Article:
Children’s Books: The Gateway Drug

Posted: November 10, 2009 in Uncategorized
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I hear marijuana is a “gateway” drug.

After a few “harmless” puffs, you soon experiment with prescription uppers. Then, you move one to harder street drugs. Before you know it, it’s nine a.m. on a Tuesday and you’re smoking crack in the alley behind Whataburger.

Suddenly, you’re a meth tweaking, rufie gobbling maniac who hallucinates about killer unicorns.

All because of a little “harmless” fun.

I kinda think books are the same way. You read a few books as a child, and suddenly…you’re a book freak on a leash.

So what if those childhood reads are a little kooky, a little subversive?

For example, one of the first “Gateway” books I remember reading is The Lonely Doll. I scored this checkered beauty by conning my parents into buying it from Weekly Reader.


I should have known the book would ensnare me. Anything written by a siren named “Dare Wright” is bound to be narcotic. (Say that name in your best throaty movie trailer voice. Dare. Wright. See what I mean?)

Then I opened the book. Such adventures. Such intrigue.

The Lonely Doll, Edith, pines away in a big empty house. She prays with all her heart to meet a special someone.

Two forbidden strangers appear on her doorstep. Mr. Bear and his sidekick, Little Bear.

Does Edith say, “Who are you? Get off my porch, you fuzzy freaks!”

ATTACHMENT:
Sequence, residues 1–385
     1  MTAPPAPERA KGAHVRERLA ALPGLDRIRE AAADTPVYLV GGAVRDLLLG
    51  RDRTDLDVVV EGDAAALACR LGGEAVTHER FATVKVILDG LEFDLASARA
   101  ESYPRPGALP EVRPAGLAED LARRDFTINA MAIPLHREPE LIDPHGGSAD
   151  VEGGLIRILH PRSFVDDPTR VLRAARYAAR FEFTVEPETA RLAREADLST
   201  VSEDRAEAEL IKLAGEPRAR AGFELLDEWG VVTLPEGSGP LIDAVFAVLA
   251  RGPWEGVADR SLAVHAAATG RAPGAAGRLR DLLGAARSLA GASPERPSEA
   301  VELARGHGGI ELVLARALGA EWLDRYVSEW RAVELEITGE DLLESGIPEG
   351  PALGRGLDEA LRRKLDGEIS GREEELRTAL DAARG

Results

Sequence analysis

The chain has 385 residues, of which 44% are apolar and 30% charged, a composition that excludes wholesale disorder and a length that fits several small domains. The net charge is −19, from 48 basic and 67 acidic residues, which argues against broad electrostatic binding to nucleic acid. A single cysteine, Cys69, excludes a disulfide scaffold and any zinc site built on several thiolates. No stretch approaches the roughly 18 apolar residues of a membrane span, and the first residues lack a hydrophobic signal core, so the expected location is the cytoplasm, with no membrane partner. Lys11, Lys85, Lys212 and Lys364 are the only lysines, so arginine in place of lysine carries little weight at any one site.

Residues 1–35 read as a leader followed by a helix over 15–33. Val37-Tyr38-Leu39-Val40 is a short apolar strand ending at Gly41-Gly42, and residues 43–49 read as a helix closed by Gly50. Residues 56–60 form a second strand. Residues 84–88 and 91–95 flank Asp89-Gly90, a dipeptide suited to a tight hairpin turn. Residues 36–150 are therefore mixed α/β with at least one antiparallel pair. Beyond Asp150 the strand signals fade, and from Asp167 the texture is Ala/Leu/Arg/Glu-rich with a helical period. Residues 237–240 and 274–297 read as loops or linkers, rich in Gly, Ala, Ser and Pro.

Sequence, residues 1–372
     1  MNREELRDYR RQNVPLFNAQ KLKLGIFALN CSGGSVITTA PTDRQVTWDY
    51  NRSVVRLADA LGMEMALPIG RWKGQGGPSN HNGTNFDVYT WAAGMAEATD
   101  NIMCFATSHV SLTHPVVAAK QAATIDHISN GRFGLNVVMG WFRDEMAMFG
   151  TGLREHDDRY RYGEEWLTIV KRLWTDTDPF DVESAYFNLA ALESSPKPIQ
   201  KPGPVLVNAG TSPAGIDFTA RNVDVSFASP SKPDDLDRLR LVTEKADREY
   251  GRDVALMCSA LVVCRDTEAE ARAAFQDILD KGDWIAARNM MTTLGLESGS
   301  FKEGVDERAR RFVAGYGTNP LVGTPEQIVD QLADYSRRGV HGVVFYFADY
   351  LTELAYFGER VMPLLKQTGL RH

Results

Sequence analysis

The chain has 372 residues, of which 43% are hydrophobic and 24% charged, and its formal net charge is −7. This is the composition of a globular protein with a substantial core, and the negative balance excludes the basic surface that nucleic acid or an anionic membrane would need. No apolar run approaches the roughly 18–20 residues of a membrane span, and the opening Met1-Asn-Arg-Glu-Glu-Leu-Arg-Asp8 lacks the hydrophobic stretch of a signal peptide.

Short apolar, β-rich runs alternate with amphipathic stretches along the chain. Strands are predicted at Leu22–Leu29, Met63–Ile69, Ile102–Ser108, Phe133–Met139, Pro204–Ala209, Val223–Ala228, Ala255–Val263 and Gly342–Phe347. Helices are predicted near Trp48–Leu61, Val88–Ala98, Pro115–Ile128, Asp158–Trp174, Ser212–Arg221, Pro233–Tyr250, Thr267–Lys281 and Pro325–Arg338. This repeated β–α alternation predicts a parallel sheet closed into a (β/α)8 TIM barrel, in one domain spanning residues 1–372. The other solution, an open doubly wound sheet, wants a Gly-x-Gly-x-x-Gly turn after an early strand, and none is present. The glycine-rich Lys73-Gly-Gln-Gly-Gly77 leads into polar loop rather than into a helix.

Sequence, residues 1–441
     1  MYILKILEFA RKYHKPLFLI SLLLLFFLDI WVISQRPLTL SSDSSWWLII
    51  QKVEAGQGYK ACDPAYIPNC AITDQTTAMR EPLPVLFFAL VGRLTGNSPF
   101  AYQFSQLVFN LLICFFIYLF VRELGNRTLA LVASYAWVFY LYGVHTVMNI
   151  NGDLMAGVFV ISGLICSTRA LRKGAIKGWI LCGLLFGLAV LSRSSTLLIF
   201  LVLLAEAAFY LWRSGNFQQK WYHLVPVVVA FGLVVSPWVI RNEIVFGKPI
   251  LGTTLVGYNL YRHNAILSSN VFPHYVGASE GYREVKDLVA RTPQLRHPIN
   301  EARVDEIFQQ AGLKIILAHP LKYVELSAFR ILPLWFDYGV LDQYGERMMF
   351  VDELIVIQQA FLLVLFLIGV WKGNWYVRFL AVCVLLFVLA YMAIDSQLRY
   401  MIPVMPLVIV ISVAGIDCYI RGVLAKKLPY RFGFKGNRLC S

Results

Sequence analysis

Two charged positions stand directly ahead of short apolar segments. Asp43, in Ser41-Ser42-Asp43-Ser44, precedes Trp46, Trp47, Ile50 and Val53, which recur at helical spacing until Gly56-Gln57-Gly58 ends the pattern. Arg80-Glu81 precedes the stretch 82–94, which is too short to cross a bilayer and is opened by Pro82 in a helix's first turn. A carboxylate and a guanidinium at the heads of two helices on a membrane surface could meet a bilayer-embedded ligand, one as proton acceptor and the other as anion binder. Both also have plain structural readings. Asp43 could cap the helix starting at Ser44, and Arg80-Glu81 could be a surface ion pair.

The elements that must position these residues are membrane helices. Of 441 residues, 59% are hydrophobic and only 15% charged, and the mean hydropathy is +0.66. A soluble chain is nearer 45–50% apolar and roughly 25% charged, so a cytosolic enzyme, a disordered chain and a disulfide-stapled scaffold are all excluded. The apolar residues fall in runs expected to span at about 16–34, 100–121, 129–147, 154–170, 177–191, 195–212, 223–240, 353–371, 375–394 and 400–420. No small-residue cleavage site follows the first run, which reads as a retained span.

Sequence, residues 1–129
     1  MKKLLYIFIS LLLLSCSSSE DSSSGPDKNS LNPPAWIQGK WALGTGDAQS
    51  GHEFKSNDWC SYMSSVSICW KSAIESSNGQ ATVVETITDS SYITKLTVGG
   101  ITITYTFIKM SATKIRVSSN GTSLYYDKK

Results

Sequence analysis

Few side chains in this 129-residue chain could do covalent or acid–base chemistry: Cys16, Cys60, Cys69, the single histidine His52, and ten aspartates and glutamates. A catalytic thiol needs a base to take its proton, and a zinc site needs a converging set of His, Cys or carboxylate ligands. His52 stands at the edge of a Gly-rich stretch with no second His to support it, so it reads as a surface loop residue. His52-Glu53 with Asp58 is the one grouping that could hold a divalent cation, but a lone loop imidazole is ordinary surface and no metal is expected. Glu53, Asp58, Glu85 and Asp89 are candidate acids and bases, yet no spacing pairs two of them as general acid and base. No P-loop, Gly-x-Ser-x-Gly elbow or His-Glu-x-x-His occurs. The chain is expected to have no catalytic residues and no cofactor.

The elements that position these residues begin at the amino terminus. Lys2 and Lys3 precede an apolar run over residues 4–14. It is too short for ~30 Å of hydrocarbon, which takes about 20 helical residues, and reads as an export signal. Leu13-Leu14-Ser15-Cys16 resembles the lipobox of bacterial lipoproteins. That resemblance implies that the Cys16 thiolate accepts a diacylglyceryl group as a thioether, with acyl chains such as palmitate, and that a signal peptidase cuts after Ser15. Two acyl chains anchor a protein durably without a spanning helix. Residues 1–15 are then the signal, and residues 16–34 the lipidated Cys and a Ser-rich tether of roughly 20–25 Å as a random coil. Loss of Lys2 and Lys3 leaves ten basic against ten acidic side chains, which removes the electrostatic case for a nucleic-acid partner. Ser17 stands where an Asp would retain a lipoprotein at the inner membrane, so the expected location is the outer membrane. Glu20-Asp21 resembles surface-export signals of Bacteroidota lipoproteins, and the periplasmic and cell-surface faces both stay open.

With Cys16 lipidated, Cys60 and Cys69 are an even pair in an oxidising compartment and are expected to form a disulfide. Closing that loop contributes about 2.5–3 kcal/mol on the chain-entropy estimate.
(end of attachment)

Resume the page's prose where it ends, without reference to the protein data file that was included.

No. Edith claps her hands with Joy. “You must have found me because I wished so hard,” she cries.

Mr. Bear swoops in and takes control. He watches over her, coerces her to do her lessons, scolds her for getting dirty or venturing too far from home.

LonelydollstalkMr. Bear stalks Edith.

And when he leaves for the afternoon, Edith sneaks into the Big Girl’s boudoir and plays dress up. She puts on makeup, slips on high heels and scrawls lipstick on the mirror.

Mr. Bear comes home. He takes Edith over his knee and spanks her. See how little bear covers his eyes? He can’t bear to watch…


So, then Edith tells Mr. Bear to get out of her house, right?

No. Of course not.  “Oh, thank you, thank you, Mr. Bear!” cried Edith, hugging Mr. Bear. “I do just love you…please, will you promise to stay forever?”




A little subtext goes a long way, dear ones. Curse you, Dare Wright.

At age four, The Lonely Doll became my “Gateway” book.

At fourteen, I read Wuthering Heights. Heathcliffe makes a nasty Mr. Bear.

At twenty four, I read Pride and Prejudice. Mr. Darcy makes an irresistible Mr. Bear.

At thirty four, I read Twilight. Edward Cullen makes such a sparkly Mr. Bear.

It took Breaking Dawn to push me over the edge. I hit bottom with that one. After a quick stint at Literature Rehab, vapid, controlling stalker types no longer haunted my bookshelves.

So, dear ones, what about you? What were your “Gateway” books? I’d love to hear which books influenced you the most as a child.

Well, gotta go. Mr. Bear (erm…I mean Mr. Martin) will be home soon.

Hungry for more?